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E: Engine Modern Fuel & Ignition Advance

LoneStar

Well Known and Active Website User
VOC Member
Recently I've seen recommendations to set ignition advance at 34 degrees, as against the factory figure of 38. This is said to be necessary because of the difference between modern fuel and what was available c. 1950. Given that advance allows the mixture time to burn, so the pressure peaks near TDC, this amounts to the claim that modern fuel burns more quickly.

I'm curious as to the basis for this idea. Do we have any petroleum engineers among us? What are the differences in composition and burn rate between

- the 72 octane "pool" petrol available in the UK postwar
- leaded gasoline sold from the 1960s until unleaded replaced it
- unleaded gasoline without ethanol
- unleaded gasoline with 10% ethanol

Cheers,

Dave
 

greg brillus

Well Known and Active Website User
VOC Member
Old style combustion chambers.............Hemispherical..........Plus don't forget the effects from an air cooled engine, where temperatures change far more than liquid cooled engines. Most old school engines which are set up at their original full advance will detonate quite badly. It affects carburretion as well, number 4 slides in original 229/289 carb's are almost too lean on modern fuels. It is possible that the specific gravity of modern fuel could have an affect as well. We are finding here in Australia that the thinking of running these bikes on "Premium" fuel that is 98 octane is not so successful on account of that the top end "part" of the fuel evaporates/boils off too quickly and leaves a fuel not unlike kerosene in the tank. Most here are running standard 91 octane unleaded fuels. The 98 octane fuels are suitable for modern fuel injected hi compression liquid cooled cars and bikes.
 

ClassicBiker

Well Known and Active Website User
VOC Member
A quick look through the internet taught me a few of things.
1) The cost of downloading a true scientific paper on this subject is $50 an article.
2) Octane rating has squat to do with flame speed.
3) Flame speed is dependent on the mixture of the fuel.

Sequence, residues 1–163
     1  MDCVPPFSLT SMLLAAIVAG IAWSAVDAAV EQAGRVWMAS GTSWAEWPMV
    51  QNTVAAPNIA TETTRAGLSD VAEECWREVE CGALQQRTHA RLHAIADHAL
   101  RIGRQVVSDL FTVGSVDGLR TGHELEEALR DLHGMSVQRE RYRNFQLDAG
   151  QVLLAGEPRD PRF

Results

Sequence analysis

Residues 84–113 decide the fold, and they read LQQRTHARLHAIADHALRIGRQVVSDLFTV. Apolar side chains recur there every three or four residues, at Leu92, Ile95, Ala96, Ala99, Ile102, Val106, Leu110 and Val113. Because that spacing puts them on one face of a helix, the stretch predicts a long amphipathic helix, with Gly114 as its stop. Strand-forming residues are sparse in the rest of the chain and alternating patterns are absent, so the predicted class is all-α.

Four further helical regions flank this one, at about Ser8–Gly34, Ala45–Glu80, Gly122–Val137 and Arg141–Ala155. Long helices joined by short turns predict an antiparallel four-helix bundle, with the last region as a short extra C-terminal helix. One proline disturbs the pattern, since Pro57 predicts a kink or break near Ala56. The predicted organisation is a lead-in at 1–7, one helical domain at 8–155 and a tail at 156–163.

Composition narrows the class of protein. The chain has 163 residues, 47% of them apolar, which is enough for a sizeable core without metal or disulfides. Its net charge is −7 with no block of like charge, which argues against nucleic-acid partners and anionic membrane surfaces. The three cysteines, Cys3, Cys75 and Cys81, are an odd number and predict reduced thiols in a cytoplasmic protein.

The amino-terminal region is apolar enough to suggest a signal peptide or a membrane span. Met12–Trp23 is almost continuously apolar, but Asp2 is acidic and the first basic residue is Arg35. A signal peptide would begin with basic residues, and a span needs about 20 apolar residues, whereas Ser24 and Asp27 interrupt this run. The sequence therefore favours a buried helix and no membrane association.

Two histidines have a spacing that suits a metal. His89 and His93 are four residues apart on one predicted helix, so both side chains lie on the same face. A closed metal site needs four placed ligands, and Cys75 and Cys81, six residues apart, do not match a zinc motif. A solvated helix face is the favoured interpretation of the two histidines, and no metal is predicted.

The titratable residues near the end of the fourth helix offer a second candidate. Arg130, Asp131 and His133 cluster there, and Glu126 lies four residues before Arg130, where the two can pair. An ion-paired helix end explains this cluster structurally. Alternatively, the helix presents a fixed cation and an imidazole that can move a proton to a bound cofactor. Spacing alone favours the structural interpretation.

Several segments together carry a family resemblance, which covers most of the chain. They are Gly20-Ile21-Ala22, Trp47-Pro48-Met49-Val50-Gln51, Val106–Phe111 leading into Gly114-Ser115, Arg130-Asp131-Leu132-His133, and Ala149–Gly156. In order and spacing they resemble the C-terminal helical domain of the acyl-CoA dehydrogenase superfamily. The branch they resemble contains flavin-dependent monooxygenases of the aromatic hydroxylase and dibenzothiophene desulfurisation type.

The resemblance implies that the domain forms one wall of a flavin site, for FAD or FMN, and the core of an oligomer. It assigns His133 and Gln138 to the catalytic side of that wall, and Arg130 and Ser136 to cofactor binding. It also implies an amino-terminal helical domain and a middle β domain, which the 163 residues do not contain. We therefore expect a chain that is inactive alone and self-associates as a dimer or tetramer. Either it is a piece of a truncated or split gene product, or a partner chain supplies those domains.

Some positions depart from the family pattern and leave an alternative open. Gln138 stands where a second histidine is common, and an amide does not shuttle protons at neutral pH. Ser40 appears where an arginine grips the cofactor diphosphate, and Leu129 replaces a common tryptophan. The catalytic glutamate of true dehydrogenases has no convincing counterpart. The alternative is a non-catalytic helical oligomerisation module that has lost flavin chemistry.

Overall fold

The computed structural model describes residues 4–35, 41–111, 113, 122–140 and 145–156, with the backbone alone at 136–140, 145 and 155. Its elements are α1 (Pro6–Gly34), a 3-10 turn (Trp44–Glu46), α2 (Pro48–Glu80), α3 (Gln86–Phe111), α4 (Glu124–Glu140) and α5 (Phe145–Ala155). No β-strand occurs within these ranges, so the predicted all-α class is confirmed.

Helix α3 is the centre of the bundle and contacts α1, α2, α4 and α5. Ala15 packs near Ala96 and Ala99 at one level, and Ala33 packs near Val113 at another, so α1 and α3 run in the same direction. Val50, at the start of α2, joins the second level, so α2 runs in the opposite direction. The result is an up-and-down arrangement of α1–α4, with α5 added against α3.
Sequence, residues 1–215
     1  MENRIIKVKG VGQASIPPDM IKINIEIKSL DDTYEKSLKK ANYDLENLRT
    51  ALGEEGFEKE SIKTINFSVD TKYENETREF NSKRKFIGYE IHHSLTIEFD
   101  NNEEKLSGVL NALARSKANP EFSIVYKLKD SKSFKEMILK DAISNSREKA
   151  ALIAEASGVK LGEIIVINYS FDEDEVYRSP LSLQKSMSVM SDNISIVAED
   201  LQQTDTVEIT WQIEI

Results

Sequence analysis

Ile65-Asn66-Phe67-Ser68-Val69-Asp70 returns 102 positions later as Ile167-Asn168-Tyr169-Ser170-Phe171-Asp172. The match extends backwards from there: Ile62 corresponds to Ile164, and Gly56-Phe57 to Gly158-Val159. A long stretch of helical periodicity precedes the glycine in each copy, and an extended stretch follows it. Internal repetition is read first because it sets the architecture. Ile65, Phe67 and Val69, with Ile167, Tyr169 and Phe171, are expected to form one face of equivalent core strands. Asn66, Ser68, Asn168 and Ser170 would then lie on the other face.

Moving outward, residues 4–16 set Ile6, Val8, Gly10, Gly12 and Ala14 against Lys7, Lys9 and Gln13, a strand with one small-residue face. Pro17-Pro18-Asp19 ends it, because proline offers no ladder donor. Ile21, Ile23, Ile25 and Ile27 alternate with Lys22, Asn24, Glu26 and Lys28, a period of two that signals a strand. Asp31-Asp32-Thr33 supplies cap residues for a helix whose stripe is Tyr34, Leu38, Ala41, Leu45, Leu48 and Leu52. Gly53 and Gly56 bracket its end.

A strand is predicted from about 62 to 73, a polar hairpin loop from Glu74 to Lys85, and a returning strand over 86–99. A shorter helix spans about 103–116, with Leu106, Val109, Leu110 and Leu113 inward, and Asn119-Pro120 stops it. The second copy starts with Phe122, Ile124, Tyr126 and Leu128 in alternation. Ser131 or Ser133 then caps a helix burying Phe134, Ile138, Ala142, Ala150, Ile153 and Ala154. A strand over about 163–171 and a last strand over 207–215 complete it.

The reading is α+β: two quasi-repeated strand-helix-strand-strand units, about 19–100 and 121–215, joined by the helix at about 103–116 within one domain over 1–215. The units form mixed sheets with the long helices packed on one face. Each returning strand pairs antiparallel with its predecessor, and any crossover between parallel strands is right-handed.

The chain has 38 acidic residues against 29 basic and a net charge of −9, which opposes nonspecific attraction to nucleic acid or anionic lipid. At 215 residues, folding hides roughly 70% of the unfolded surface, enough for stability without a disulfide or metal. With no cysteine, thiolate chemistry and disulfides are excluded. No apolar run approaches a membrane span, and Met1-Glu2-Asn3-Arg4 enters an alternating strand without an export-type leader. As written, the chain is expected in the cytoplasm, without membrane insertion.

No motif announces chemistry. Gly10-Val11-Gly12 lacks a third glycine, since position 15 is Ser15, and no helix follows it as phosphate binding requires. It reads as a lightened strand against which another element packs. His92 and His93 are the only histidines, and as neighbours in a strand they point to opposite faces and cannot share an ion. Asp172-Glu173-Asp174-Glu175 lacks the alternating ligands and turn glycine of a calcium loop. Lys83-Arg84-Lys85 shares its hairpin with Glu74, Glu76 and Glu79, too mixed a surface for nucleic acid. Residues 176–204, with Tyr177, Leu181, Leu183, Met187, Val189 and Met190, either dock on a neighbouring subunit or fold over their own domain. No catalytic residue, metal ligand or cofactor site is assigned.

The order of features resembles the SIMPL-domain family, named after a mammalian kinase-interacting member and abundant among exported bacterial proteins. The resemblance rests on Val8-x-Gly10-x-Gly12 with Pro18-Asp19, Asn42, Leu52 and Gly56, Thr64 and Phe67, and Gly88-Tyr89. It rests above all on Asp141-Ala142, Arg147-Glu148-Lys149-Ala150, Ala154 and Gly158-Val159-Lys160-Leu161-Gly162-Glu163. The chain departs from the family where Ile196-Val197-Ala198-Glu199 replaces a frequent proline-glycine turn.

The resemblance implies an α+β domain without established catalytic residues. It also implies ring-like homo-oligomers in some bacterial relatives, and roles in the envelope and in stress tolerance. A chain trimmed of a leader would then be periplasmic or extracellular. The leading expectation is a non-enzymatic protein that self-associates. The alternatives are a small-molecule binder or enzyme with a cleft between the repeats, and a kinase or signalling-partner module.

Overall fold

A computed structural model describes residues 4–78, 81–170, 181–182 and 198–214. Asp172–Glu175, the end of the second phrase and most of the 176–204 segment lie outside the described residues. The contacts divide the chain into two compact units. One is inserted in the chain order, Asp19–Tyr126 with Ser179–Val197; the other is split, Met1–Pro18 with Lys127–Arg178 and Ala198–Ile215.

4) Pump gas (80-90 octane) has flame speed of .34 ms @ stoichiometric combustion
5) Ethanol (102 octane) .39 ms @ stoichiometric and Methanol (103 octane) .43 @ stoichiometric.

So it would appear that the big brain chemists in attempting to make fuel burn cleaner and more efficiently have slowed the combustion process. So if max pressure is to be achieved at or just after TDC, so that the piston is driven down and not fighting to get to TDC, the process must begin later.
The fly in the ointment is finding out what the flame speed was of the mixture or the actual mixture itself of 1950 pump gasoline.
Steven

http://www.whitfieldoil.com/171.284/vp-racing-fuel-
http://iqlearningsystems.com/ethanol/downloads/Racing Fuel Characteristics.pdf
 

Pete Appleton

VOC Hon. Social Secretary
VOC Member
VOC Forum Website Administrator
So it would appear that the big brain chemists in attempting to make fuel burn cleaner and more efficiently have slowed the combustion process. So if max pressure is to be achieved at or just after TDC, so that the piston is driven down and not fighting to get to TDC, the process must begin later.

What am I missing here? Slower flame speed must mean that we want to ignite earlier - doesn't it?
 

ClassicBiker

Well Known and Active Website User
VOC Member
I think it's a balancing act between several variables. Flame speed is slower but resistance to detonation is increased. Out of curiosity I tried to extrapolate the flame speed of E-30 pdf file I listed from the pure ethanol and pure gas flame speeds. (.3x.39)+(.7x.34) and got .355 to the .36 listed. So the flame speed has been slowed down.
Now if we look at the octane rating pure gas is 80-90, ethanol is 102, and E-30 87-94. Ethanol is less likely to detonate from compression than pure gas. The middle ground of E-30 is just a hair above the best of pure gas.
The higher the actual pressure before ignition the more the power released and more efficient the burn. So while the burn is slower the resistance to detonation is increased allowing the process to begin later and therefore release more power in a more efficient manner.
But if the process is initiated too early the rise in pressure due to early ignition may cause the pressure to rise to fast and cause detonation.
 

bmetcalf

Well Known and Active Website User
VOC Member
Something to keep in mind: